The risk of rejection – in which the recipient’s body attacks the new organ like an infection, is the greatest practical obstacle to xenotransplantation. The breeding of transgenic pigs as well as new cloning techniques may be used to reduce the risk of organ rejection.
Preventing hyperacute rejection – rapid graft rejection that occurs within minutes of transplantation due to antibodies in the organ recipients bloodstream that react with the new organ, resulting in organ failure (very similar to that of which occurs when organ allotransplantation is carried out across the ABO blood type barrier). This occurs within the first few hours after transplantation.
Preventing chronic rejection – slow and severe graft rejection occurring often more than a month after transplantation, and frequently accompanied by acute changes.
Xenosis – An infectious bacteria transmitted from animal to human by the transplantation of an animal tissue or organ into a human body (transmission of viruses from xenografts into humans). The possibility of xenosis raises questions about the safety of xenotransplantation and could also potentially place the general public at risk by creating a major new epidemic.
The reckless use of animals – May cause mayhem in the “natural order” in its effect on the animals, and this should lead us to question the morality of doing so. A hastened assessment will direct us to a false conclusion that, since it is ethical to use animals for consumption, then their use as organ donors should be even more acceptable. However, the prevention of disease acquisition in the donor animals results in increased suffering on the part of the animal of choice (e.g. pigs) in the form of isolated development and rigorous viral and bacterial tests. The idea of animal testing illuminates the argument of animal cruelty and superiority of humans over animals and evolvement of xenotransplantation may be the spark to set fire to this argument.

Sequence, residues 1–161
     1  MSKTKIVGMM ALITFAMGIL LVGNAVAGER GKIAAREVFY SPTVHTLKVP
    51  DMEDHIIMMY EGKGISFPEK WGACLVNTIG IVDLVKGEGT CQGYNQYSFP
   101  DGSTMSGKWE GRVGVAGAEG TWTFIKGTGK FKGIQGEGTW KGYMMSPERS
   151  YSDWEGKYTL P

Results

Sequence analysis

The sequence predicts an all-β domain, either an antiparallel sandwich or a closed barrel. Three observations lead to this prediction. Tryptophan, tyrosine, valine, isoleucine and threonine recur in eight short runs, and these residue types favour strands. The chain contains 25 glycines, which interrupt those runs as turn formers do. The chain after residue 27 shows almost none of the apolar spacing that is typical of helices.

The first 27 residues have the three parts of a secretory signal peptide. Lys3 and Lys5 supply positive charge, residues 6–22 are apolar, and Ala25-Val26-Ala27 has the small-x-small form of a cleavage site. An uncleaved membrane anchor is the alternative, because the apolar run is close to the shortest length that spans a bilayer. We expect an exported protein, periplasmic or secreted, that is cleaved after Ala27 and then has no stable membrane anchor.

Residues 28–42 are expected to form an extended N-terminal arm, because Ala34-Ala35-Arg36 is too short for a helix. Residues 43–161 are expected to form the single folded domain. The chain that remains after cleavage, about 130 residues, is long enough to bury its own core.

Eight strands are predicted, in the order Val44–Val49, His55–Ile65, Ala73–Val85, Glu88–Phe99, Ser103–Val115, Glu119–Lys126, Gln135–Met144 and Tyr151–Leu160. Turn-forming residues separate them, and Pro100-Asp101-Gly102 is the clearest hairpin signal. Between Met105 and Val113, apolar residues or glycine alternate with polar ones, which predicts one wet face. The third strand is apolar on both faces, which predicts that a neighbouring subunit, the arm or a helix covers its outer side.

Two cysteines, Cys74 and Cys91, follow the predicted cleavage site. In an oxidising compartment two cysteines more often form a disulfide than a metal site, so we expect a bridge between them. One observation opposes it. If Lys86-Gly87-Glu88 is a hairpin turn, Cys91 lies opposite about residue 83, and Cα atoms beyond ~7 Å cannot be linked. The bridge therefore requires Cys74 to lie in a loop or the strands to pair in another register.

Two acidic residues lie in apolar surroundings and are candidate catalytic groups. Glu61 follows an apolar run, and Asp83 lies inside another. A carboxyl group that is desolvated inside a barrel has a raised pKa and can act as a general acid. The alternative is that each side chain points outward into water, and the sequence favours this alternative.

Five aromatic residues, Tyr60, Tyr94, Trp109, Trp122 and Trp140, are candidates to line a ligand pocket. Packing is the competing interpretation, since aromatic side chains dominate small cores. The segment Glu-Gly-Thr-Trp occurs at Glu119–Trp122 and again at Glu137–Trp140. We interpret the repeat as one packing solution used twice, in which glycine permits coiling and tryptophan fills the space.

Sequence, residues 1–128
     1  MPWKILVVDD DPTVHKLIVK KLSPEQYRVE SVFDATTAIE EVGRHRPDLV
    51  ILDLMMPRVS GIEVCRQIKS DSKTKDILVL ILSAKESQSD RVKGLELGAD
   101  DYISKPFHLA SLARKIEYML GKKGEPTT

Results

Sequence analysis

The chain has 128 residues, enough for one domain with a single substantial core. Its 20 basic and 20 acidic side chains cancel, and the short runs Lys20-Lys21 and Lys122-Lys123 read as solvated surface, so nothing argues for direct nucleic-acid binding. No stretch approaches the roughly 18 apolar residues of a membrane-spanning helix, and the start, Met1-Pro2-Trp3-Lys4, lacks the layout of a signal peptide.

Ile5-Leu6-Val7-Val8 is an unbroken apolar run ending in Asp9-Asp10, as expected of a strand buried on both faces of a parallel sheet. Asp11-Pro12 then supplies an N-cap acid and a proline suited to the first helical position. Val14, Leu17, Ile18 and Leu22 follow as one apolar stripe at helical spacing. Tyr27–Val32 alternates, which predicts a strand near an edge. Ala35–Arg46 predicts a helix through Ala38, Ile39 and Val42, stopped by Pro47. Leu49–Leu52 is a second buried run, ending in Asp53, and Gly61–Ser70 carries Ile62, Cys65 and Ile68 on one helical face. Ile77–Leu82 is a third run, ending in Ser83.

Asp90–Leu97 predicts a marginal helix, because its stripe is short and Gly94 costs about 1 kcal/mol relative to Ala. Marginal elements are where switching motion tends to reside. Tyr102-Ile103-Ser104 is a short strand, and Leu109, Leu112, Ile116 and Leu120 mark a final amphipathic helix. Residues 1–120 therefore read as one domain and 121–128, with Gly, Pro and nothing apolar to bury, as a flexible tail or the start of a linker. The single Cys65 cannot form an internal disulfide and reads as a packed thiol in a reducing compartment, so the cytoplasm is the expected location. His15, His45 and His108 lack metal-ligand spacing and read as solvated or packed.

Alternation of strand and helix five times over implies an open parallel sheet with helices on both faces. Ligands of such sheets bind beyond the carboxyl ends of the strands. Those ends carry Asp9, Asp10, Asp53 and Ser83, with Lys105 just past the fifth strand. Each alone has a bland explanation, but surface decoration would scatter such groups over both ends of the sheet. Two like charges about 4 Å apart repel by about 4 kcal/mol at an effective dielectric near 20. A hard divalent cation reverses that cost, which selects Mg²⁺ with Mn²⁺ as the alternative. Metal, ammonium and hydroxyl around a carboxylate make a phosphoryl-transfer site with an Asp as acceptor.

Identity confusion – There is no doubt that transplantation jolts the recipient’s identity. Even in the case of allogeneic transplantation, an identity problem arises the question: “Am I still Me?” Even an atheist or non-religious person could not help feeling doubt for his/her identity when he/she is kept alive because an animal’s organ is planted into his/her body. With this kind of technology comes the potential to decrease one’s self-image despite intense counselling on the neutrality of the occurrence.
Immune barrier – This technology could possibly expose the world to an epidemic of disease we have never seen before. For example, we know of the devastating Ebola virus, HIV and the most recent disease that has a possibility of spreading to humans, (PERV) pig endogenous retrovirus.
To overcome a hyperacute type of rejection, we have to “humanise” pigs and “pignise” humans. However, normal immunosuppressants like Cyclosporine and FK506 will not prevent acute rejection resulting from xenotransplantation, especially when the operation is practised between distant species like humans and pigs. Some people suggest that we should use chimpanzees and monkeys as donors to prevent rejection, as they are much more similar to humans than pigs. Other people, however, are strongly against it. There is a serious doubt that animal welfare might be in danger if we use species close to the human race as organ donors. Besides, there not being enough monkeys, the biggest problem remains the risk of infection from disease. Here, we have to remember that AIDS was transferred to humans from monkeys.
After looking through our Advantages and Disadvantages of Xenotransplantation, what is your stance on the issue? Let us know in the comments below or find us on social media! Come back next week for the final issue on xenotransplantation.